Battle lines drawn over EU pubcaster funds

Commission considering 120 submissioins

BRUSSELS -- Europe's public broadcasters have lined up against changes to their funding rules, facing off against commercial broadcasters who say unrestrained public money is distorting the market.

The battle lines have emerged in 120 submissions from stakeholders -- including producers, broadcasters, publishers and 16 EU governments -- that the European Commission is wading through as part of its review of the EU's 2001 rules for state funding of public service broadcasting.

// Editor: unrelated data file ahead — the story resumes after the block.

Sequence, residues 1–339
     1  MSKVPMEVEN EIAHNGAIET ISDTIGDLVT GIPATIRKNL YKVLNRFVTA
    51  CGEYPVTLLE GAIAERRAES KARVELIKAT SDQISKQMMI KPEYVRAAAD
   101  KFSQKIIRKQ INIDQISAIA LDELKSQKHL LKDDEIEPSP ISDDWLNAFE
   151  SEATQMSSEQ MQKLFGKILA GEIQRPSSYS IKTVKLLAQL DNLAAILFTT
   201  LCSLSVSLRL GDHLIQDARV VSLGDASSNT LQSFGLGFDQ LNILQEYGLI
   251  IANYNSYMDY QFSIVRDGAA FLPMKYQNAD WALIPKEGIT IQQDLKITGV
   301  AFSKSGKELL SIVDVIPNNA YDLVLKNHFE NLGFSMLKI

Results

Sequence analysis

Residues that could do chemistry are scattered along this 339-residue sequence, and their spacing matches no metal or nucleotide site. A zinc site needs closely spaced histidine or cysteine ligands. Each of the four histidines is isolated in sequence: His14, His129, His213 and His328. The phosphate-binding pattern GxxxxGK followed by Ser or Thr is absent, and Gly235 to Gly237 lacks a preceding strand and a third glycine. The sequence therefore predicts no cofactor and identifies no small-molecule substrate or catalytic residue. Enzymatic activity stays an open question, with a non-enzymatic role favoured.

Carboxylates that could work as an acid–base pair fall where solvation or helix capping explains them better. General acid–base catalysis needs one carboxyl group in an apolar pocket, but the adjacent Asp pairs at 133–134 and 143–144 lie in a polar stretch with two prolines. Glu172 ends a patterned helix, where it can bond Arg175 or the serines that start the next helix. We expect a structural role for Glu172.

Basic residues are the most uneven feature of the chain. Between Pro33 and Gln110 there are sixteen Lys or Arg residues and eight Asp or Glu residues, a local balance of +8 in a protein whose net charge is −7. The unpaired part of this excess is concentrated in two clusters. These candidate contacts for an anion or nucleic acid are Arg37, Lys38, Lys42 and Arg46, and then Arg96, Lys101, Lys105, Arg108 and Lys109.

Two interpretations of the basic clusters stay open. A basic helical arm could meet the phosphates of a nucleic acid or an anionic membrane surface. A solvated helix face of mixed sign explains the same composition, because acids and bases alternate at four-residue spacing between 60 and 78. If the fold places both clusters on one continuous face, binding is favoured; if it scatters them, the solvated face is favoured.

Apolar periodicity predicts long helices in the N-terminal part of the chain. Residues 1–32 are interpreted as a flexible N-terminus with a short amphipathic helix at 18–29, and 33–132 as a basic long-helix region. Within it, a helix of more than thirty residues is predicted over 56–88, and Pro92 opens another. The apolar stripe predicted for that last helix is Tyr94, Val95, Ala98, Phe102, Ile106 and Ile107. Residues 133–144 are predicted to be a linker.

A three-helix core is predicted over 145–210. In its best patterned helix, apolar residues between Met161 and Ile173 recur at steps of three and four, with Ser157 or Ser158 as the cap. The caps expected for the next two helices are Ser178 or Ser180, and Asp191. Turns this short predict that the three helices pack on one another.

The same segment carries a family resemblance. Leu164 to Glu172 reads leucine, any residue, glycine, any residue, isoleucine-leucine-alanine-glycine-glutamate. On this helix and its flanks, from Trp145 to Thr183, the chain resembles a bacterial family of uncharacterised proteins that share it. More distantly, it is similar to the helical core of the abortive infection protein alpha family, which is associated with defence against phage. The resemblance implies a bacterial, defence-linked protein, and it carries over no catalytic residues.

A key issue concerns the Internet: Many public broadcasters also subsidize Web sites that compete in a commercial setting. Commercial broadcasters -- backed by newspapers and other media companies -- demand clear limits on this aid, saying it gives them an unfair advantage, while the Association of Commercial Television in Europe wants strict independent regulation of the sector.

EU Competition Commissioner Neelie Kroes appears to back commercial broadcasters.

"It certainly isn't obvious to the naked eye, or the taxpayer, why public broadcasters should be using state money to run online video games, dating clubs and calculators amongst other offerings," she said. "There is no shortage of these services in the private sector -- which must all survive without subsidy."
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